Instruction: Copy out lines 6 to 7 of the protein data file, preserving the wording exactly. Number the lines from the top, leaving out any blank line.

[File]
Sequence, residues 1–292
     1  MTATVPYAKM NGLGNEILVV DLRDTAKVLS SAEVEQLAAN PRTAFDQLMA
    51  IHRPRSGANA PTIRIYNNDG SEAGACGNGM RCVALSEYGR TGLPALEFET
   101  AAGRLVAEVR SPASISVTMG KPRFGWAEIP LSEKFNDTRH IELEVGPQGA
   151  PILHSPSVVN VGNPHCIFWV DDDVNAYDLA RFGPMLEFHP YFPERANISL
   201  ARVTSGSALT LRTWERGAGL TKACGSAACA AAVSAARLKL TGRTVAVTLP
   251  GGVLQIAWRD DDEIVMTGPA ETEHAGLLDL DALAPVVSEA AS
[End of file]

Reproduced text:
   201  ARVTSGSALT LRTWERGAGL TKACGSAACA AAVSAARLKL TGRTVAVTLP
   251  GGVLQIAWRD DDEIVMTGPA ETEHAGLLDL DALAPVVSEA AS